Serial numbers enable consumers, retailers, and vendors to have a unique identifier against each unit of inventory from that brand/vendor. This is defined and controlled by the vendor and is retailer agnostic. An obvious example is an Apple iPhone serial number or a Rolex watch serial number. Both brands would primarily use this unique identifier to validate a warranty claim.
Stock codes are unique identifiers defined and controlled by the retailer that exclusively serve its internal interests, and are vendor agnostic. For example, Walmart is selling an iPhone. The iPhone has a serial number that allows Apple to know exactly when it was produced, by which factory, and if that batch had any known defects. Walmart will use the serial number to manage any warranty claims that surface with Apple.
However, if Walmart wants to track all smartphone inventory across its North American distribution system, then Apple’s serial number is of no use to it. Walmart instead will apply a unique inventory ID or stock code for its scanners in the warehouse to read, and the only way to ensure this range of codes is always unique and can be reset at will, is for the retailer to control them.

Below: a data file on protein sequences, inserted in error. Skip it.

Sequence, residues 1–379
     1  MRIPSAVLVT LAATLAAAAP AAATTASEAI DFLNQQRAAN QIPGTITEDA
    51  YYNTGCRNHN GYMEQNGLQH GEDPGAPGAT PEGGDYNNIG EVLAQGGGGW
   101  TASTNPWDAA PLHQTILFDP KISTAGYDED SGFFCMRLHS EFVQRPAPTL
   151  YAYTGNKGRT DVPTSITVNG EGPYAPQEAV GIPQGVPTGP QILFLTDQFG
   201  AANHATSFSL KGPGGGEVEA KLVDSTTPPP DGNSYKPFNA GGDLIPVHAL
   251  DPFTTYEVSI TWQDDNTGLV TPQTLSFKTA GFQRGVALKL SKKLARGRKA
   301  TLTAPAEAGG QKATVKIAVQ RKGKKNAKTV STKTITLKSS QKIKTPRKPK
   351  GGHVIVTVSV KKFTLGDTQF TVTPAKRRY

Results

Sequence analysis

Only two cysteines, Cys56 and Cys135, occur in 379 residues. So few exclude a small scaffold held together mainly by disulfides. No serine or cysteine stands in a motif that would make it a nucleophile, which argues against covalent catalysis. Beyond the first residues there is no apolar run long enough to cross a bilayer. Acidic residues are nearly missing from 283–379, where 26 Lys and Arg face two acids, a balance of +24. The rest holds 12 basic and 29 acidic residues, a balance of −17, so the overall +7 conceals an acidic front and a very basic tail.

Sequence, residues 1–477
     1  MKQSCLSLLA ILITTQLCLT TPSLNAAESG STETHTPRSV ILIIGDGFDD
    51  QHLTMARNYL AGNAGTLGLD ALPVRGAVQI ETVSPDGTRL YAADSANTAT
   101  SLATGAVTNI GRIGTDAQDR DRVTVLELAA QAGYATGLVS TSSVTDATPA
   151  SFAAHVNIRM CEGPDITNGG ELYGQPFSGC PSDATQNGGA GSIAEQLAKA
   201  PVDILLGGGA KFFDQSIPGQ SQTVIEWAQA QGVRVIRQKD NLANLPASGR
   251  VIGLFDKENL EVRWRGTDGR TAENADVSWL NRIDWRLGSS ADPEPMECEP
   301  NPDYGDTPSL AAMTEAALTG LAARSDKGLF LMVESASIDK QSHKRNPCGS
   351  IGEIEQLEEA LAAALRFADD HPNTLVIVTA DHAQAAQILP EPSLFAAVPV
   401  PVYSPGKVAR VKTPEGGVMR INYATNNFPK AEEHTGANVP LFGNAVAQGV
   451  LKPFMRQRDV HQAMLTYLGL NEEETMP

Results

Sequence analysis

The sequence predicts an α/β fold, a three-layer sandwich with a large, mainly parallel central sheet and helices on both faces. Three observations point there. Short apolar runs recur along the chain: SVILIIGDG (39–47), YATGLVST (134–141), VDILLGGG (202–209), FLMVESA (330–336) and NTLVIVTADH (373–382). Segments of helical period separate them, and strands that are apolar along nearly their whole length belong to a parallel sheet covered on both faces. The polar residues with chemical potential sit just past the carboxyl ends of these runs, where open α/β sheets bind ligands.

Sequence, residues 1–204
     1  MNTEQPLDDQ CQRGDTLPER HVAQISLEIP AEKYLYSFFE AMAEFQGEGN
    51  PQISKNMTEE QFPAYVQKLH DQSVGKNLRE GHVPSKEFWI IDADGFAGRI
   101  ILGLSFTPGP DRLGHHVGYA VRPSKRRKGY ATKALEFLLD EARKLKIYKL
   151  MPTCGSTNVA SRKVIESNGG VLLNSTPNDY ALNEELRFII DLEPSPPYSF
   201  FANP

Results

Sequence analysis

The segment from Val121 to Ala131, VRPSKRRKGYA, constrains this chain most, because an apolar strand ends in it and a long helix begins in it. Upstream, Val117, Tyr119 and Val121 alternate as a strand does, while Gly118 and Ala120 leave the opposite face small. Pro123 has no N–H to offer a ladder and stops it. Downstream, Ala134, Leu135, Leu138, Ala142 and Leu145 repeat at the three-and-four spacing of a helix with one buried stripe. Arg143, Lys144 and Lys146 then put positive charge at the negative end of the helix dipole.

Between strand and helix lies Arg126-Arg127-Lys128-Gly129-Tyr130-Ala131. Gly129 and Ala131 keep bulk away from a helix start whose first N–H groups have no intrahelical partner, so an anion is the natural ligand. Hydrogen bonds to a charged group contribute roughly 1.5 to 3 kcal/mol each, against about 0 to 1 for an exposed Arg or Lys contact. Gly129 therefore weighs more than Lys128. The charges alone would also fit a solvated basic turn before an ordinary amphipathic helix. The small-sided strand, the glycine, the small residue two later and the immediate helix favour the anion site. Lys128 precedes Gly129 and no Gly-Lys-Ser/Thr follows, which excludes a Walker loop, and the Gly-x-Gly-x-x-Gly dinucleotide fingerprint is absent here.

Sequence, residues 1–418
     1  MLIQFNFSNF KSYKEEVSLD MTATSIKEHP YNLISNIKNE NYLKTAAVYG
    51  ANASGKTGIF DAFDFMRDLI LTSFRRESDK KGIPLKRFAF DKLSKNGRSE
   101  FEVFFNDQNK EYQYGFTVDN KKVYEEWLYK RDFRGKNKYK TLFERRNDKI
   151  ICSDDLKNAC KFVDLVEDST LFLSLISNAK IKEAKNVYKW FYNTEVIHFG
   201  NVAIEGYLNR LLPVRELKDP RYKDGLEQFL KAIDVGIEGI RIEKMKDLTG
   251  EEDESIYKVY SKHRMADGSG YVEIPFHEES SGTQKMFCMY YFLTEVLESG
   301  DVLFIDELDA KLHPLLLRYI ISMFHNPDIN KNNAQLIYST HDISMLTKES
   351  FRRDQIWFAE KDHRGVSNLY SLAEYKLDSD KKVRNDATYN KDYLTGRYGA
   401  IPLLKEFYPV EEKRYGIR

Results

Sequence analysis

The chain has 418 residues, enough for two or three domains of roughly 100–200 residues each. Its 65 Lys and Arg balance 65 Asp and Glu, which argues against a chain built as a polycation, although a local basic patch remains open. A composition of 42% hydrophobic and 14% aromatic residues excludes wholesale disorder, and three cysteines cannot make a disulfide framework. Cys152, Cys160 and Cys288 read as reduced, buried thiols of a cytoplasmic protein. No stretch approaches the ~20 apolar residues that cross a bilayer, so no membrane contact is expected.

With the rise of robotic picking and chaotic warehousing driving unprecedented efficiencies in the global supply chain, stock codes have become an essential tool for retailers wishing to maximize their internal operating efficiency.
Stock codes also can underwrite RFID systems or other location scanning methods that enable easier check-in and check-out of inventory on location. This best practice enables data-driven advantages at head-office who not only know where every unique item of inventory is in their distribution system at any given time, but can also look for patterns in the data to generate further competitive advantage.
As you can see, there are vital differences between serial numbers and stock codes. Be wary of any technology provider or consultant that conflates these two important terms.